Internal vaginal examinations
By Kidspot Team |
Internal vaginal examinations
Your caregiver may ask you if they can perform an internal vaginal examination during prelabour. This is usually aimed at confirming if it is actually prelabour or if the labour is progressing and more established, despite the appearance of only prelabour contractions.

Vaginal examinations are often referred to as a VE and are generally used to:
  • See if you are in active labour on arrival to the hospital or birthplace.
  • Check to see if the waters have broken.
  • Check the progress of labour at intervals (usually every 4 hours or so).
  • Check the position of the baby, if your caregiver is unsure how the baby is lying by feeling your pregnant belly. The cervix needs to be at least 3 to 4 cms dilated to achieve this.
  • Help you and / or your caregiver make decisions about interventions or pain relief.
  • Break the waters to speed up labour or to put an internal fetal monitor on the baby's head to monitor their heart rate.

Vaginal examinations can be encouraging if the cervix is dilating. For some women they help them to pace themselves or motivate them if they know they are 'getting there'. However, other women find internal examinations very disheartening, especially if they feel they have done a lot of work, only to hear their caregiver say "You are only 1cm dilated."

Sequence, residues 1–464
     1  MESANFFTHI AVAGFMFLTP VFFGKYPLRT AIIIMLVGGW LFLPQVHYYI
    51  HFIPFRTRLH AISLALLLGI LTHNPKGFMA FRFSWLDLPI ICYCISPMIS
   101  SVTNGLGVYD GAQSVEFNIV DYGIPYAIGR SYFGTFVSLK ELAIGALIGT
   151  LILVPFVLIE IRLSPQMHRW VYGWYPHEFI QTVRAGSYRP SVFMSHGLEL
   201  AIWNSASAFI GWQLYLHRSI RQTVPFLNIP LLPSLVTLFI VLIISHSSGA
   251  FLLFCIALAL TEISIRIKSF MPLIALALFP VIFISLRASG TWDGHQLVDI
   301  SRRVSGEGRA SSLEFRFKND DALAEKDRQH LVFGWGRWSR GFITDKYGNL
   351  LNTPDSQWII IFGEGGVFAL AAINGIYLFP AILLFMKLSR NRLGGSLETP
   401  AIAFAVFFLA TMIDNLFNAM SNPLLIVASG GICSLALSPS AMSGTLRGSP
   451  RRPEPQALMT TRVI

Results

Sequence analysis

Not all women (and caregivers) require regular internal vaginal examinations. If you feel your body is giving you enough information and the labour appears to be progressing normally, then they are not absolutely necessary. Many women give birth without ever requiring an internal examination during their labour.

Ideally, vaginal examinations should be limited to at least 4 hours apart or more. This is especially so if the waters have broken, to reduce the chances of infection. Vaginal examinations may be done more often than this if there are complications, or decisions need to be made about pain relief or interventions.

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